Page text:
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Selection Info & Discussion Guides

Have a Little Faith
By Mitch Albom

What if our beliefs were not what divided us, but what pulled us together?

In Have a Little Faith, Mitch Albom offers a beautifully written story of a remarkable eight-year journey between two worlds--two men, two faiths, two communities--that will inspire readers everywhere.

Albom's first nonfiction book since Tuesdays with Morrie, Have a Little Faith begins with an unusual request: an eighty-two-year-old rabbi from Albom's old hometown asks him to deliver his eulogy.

Feeling unworthy, Albom insists on understanding the man better, which throws him back into a world of faith he'd left years ago. Meanwhile, closer to his current home, Albom becomes involved with a Detroit pastor--a reformed drug dealer and convict--who preaches to the poor and homeless in a decaying church with a hole in its roof.

Moving between their worlds, Christian and Jewish, African-American and white, impoverished and well-to-do, Albom observes how these very different men employ faith similarly in fighting for survival: the older, suburban rabbi embracing it as death approaches; the younger, inner-city pastor relying on it to keep himself and his church afloat.

As America struggles with hard times and people turn more to their beliefs, Albom and the two men of God explore issues that perplex modern man: how to endure when difficult things happen; what heaven is; intermarriage; forgiveness; doubting God; and the importance of faith in trying times. Although the texts, prayers, and histories are different, Albom begins to recognize a striking unity between the two worlds--and indeed, between beliefs everywhere.

In the end, as the rabbi nears death and a harsh winter threatens the pastor's wobbly church, Albom sadly fulfills the rabbi's last request and writes the eulogy. And he finally understands what both men had been teaching all along: the profound comfort of believing in something bigger than yourself.

Have a Little Faith is a book about a life's purpose; about losing belief and finding it again; about the divine spark inside us all. It is one man's journey, but it is everyone's story.

Ten percent of the profits from this book will go to charity, including The Hole In The Roof Foundation, which helps refurbish places of worship that aid the homeless.


Discussion Questions

Discussion Guide Produced by the National Council of Churches of Christ in the USA

Early in his life, Albom began distancing himself from the Reb, a man who seemed more like the all-knowing, Almighty God than any other he knew. Why is it our nature to run away from God and our faith?

In his testimony, Cass, the one-legged elder, said it was the night he returned to his childhood home in an old Detroit project that he realized he was homeless. How does this compare with Albom's return to his birthplace in suburban Jersey? Do you agree with Albom's conclusion that no one is better or smarter than another, just luckier? How has luck or fate seemingly played a role in your life?

Leviticus 19:18 states, "You shall not take vengeance or bear a grudge against any of your people, but you shall love your neighbor as yourself." The Reb's "enemy schmenemy" philosophy embodies this commandment. How important is it that people of faith honor this scripture? How can we take steps to help the secular community uphold this value?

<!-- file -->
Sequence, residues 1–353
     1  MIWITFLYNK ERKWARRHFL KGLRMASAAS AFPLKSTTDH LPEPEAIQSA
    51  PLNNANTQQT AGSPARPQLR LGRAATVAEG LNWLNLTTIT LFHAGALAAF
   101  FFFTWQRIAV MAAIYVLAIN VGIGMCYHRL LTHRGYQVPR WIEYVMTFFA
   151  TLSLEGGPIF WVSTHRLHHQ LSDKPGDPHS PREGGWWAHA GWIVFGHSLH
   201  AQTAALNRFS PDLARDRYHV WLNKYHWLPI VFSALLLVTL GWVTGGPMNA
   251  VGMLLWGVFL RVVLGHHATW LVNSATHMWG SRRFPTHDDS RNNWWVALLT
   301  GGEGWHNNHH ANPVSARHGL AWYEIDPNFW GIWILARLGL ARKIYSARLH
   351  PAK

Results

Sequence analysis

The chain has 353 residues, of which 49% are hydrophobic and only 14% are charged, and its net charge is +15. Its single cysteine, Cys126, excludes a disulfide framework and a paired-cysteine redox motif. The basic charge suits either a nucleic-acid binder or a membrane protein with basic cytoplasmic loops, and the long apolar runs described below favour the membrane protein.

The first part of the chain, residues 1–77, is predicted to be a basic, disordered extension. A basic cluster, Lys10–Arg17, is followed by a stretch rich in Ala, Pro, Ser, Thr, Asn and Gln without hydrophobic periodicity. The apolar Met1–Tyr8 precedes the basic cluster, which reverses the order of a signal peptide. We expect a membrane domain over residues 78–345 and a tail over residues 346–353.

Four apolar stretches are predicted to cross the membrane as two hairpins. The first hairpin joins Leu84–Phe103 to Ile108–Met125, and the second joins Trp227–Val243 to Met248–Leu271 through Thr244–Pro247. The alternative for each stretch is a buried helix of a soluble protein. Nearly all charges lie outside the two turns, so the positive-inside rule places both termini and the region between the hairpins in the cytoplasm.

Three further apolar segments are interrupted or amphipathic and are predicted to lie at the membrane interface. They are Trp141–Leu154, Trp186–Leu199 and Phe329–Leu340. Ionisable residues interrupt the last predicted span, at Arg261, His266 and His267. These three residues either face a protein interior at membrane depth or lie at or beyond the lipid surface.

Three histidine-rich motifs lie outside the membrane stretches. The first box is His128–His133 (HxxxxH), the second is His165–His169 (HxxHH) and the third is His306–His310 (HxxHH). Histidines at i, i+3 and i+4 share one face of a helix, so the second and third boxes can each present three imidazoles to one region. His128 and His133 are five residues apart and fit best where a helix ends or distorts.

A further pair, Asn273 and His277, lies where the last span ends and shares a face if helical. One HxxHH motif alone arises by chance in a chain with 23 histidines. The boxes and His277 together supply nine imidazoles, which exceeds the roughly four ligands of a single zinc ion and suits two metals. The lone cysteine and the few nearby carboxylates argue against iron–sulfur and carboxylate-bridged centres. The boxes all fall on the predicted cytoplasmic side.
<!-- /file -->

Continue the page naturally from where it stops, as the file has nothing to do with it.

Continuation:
Ephesians 2:8-9 tells us that we are saved by faith, not good works. Henry dedicates his new life to serving God and helping the unfortunate despite being uncertain of what eternity holds for himself. Why does he remain a faithful servant of the lord when he believes he may not be rewarded in Heaven?

Upon retrieving his file at the synagogue, Albom reflects on the notes and letters he had received from the Reb over the years, but had not bothered to reply to or even acknowledge. He now felt ashamed at having ignored the "sacred community" that still loved and embraced him. Have you ever turned your back on places, people or things only to appreciate their importance in your life later? Is it ever too late to make amends?

The Reb and Henry are from two different backgrounds and faiths but each is a steadfast "man of God." How did both help Alborn grow in his own faith? How has Alborn, in return, shaped yours?

Taking part in community service is a theme throughout have a little faith. Why do you think faith-based community services are so important to public needs? How can you get involved with a faith-based service organization in your area? Create a personal action plan with specific goals on how you can help your community.

In Psalm 23, we are assured that God is always walking beside us. Knowing this, the Reb is able to cope with the most tragic event of his life, the death of his young daughter. However, when his atheist doctor loses a relative, the doctor becomes angry and envious, because he cannot ask God why or consider it God's will. Have you ever been angry with God for something? Do you believe as the Reb does, that it is more comforting to think God listened and said no, rather than to think that God doesn't exist at all?

Matthew 7:1 tells us, "Do not judge, so that you may not be judged." Albom is skeptical of Henry's sincerity about the lord in their early meetings. Although he later overcomes this and no longer has any doubts regarding Henry's beliefs, why was he so critical in the beginning? Think of a godly leader in your life who came from an untraditional background or has an unorthodox appearance. Does this mean he or she loves God any less than the conventional faith leader?

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